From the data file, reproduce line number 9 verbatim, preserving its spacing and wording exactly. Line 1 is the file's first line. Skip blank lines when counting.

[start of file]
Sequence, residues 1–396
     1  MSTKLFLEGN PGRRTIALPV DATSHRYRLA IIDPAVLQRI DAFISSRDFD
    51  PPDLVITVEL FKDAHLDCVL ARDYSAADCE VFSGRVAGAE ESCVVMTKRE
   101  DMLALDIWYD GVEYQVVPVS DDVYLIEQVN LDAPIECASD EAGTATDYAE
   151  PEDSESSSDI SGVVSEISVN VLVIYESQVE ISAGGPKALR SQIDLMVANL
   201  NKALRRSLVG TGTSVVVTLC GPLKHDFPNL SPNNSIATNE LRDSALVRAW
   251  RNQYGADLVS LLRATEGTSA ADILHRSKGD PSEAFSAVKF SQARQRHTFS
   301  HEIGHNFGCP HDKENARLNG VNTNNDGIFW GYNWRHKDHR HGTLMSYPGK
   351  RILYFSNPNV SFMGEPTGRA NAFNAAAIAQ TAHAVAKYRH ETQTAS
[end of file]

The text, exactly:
   351  RILYFSNPNV SFMGEPTGRA NAFNAAAIAQ TAHAVAKYRH ETQTAS